The traditional Iron Triangle tries to explain in graphical form how software projects need to make hard tradeoffs between scope, schedule and resources.
This is alternatively referred to as the Time-Cost-Quality Triangle, Triple Constraints, the Triangle of Balance, or the Iron Triangle.
There are many variants. A common variant is phrase "Fast, Cheap or Good. Pick two."
A more nuanced version allows illustrates the nature of the tradeoffs that you're making, an allows for a middle option where all three are in balance, but you're not really optimizing any of them.
Software engineers is all about managing tradeoffs. The highest level tradeoff is during planning and prioritization in the form of trading off value delivered, the quality level of that value and the time to deliver it.
"If you're a team that practices waterfall development or new to agile development, the important thing to remember is the difference between what is fixed and what is estimated. Unlike waterfall development, agile projects have a fixed schedule and resources while the scope varies." https://www.atlassian.com/agile/agile-iron-triangle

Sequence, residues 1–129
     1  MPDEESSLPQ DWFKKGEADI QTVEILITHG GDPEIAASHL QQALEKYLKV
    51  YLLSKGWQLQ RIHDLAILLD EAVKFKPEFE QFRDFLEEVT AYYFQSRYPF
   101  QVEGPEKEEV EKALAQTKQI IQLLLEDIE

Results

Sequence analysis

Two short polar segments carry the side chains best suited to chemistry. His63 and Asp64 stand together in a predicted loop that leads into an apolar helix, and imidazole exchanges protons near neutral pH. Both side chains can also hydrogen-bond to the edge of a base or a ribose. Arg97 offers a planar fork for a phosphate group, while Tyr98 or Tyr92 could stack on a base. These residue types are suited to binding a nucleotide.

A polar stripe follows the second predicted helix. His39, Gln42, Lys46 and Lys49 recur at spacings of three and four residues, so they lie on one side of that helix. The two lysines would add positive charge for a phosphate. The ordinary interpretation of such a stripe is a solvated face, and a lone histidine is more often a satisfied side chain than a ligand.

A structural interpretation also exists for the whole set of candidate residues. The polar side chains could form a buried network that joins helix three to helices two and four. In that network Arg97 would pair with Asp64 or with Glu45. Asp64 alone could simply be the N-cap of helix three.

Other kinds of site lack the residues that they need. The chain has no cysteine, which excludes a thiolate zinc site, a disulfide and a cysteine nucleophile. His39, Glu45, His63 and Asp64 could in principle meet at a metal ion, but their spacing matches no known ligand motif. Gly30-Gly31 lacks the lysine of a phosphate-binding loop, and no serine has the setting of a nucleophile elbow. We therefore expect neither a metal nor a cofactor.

Agile methodology in particular uses fixed time periods and fixed resources. This is typical of a start up environment, where you need to ship quickly and do not have the resources to hire many engineers. You're also typically building an MVP type product, trading off scope versus time. Scope can be further broken down into feature breadth and depth, and the quality of the whole experience.
To simplify, my version of the Agile MVP triangle looks like this.
You can pick exactly one spot on this triangle for a given project. If you choose a spot close to the value point of the triangle, you are explicitly giving up some focus on a quality, polished experience. You're also choosing to push out time to deliver somewhat to get more value in.
This is joking talked about as "Fast, Cheap or Good. Pick two. No, not that one". Alternatively describes as "Nine women cannot make a baby in one month" (Mythical Man Month), meaning that even if you did add resources in the form of extra engineers, you can quickly get to a point of diminishing returns where adding people doesn't actually speed up the delivery.
What do these points mean, exactly?
This is basically scope. It could also be labeled "Features", both in terms of breadth of different features, and the depth/scope of an individual feature. I thought about calling this "User Value", but quality could also be considered to deliver user value. Likewise, scope could include quality/polish work. In the end, this isn't a perfect term, but I basically mean user value excluding quality/polish.
Some examples of quality are high fidelity graphic style, UX optimizations based on feedback and performance tuning. This is often subjective, and can take a virtually unlimited amount of time as you polish on the far end of the diminishing returns curve. The trick is getting to 80% of max quality with 20% of the effort.
This is simply the time to ship - to put the software in front of real users.